By Philip Johnstone
The recent polls returned by Lord Ashcroft show a Scotland painted yellow with SNP colours.
Of course it covered only 16 seats and the results in May most likely won’t be as catastrophic for Labour as this and other polls suggest, but the results can’t be ignored. The SNP will most likely be the third biggest party in the UK and completely dominate the Scottish political landscape.
The situation we are in now baffles many from outside Scotland. We had a referendum a mere six months ago resulting in a vote against independence by 10 per cent. Now Scotland is on the cusp of voting overwhelmingly for a party which wants independence. How can this be?
Of course the voting habits of Scots have evolved with devolution, leading to wildly different results in Scotland and Westminster for the SNP and Labour. By the time of the 2016 Holyrood election the SNP will have been in power for 9 years, including the emphatic 2011 victory. The rise of the SNP to power has converged with public disillusionment with UK Labour policies notably the Iraq War, the free rein given to bankers and the vow to continue austerity economics.
During the SNP’s time in power Labour and the Conservative have governed at the UK level. Indeed it was the last Labour Government that introduced so many of the policies which damaged the party in Scotland and the Tories remain as unelectable as ever in Scotland. Nevertheless Scotland returned 41 Labour MPs in 2010 with the SNP coming a distant third with 6. It would seem that the old message that “only a Labour vote can stop the Tories” still had the desired effect despite being demonstrably untrue. But if Lord Ashcroft’s polls are anything to go by, this situation will not be repeated.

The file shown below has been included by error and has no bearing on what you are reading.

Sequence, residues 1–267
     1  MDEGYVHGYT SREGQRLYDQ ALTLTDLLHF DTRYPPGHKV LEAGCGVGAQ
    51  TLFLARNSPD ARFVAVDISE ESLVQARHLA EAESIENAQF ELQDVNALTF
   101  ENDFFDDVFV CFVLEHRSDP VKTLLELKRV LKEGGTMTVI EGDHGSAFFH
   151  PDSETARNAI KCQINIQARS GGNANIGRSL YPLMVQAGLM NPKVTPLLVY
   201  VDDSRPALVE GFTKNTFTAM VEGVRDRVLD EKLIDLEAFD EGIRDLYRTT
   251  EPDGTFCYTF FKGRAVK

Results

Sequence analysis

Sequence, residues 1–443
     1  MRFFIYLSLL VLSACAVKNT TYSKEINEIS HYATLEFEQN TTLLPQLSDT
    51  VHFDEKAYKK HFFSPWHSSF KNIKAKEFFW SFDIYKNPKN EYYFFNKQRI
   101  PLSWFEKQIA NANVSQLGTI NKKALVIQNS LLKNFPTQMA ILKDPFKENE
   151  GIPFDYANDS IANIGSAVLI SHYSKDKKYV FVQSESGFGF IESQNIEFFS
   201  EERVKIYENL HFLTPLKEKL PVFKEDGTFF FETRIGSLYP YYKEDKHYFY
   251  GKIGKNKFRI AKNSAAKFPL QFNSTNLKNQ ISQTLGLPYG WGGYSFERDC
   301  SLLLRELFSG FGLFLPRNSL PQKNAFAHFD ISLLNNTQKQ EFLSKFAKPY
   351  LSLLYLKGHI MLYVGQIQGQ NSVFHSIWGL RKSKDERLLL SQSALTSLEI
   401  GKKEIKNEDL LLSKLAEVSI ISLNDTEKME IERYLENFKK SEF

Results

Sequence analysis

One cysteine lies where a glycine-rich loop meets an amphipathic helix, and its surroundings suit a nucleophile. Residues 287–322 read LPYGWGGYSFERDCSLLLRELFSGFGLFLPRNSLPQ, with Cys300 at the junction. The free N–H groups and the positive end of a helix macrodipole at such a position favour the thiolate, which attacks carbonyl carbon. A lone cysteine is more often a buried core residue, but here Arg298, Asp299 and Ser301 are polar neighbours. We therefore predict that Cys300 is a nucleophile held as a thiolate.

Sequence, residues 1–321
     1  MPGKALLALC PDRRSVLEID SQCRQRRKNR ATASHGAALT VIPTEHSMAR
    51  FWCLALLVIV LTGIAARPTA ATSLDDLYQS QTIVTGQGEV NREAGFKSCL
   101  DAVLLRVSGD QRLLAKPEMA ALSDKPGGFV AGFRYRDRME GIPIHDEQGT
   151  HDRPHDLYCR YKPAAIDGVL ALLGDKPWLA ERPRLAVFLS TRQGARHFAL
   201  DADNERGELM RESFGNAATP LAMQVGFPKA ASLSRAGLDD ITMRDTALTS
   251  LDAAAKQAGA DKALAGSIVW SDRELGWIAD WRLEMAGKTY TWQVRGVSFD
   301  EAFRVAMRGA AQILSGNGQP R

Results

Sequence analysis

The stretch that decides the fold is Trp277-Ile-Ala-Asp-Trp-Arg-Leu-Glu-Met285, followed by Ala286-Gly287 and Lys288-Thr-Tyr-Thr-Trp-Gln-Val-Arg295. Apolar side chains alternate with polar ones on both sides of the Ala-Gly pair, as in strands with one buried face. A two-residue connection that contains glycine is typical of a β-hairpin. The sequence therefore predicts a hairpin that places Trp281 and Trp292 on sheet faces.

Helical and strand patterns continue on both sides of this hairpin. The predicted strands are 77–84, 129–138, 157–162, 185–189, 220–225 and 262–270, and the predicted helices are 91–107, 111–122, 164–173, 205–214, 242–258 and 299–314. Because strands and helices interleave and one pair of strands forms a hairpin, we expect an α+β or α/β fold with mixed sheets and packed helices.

While the motivations behind voting intentions are complex, some primary factors can be identified. The effect of coalition Government on the public should not be underestimated. This is clearly demonstrated that voters needn’t be corralled into voting for one the “main” parties merely through fear of the other getting into power.
The Tory – Lib Dem coalition illustrated the mechanism by which voting for a smaller party isn’t a wasted vote, whereas before 2010 coalition Government had been an abstraction not seen in peacetime. The way the Lib Dems, a party supposedly on the left, adopted the Tories’ catastrophic austerity economics hasn’t destroyed public trust in coalition governments, just in the Lib Dems.
The referendum has been the biggest political catalyst Scotland has seen in living memory, maybe ever. Grassroots campaigners and groups such as National Collective, RIC, Common Weal and Women for Independence made the Yes side so vibrant and engaging.
The Better Together campaign was largely devoid of such grassroots campaigning and consisted of the unification of Labour, Conservative and Lib Dems in a coalition to fight independence. The absence of any grassroots involvement and the sight of the supposedly diametrically-opposed Labour and Tory parties gleefully campaigning together convinced many that the daily theatrics in the House of Commons are a poor imitation of democracy.
These two coalitions could provide an answer as to why so many No voters are willing to vote SNP in May. The first showed that smaller parties can make a difference to the composition of the government. The second coalition between all main Westminster parties during the referendum hurt Labour the most and may prove fatal for the party in Scotland, especially with signs of a new party of the left emanating from the Scottish Left Project.
Caught up in its desperate attempts to save the union, Labour aligned itself so closely with the Tories they were indistinguishable and like one of the magic eye posters that were popular with children, once the image jumps out at you wonder how you ever missed it.
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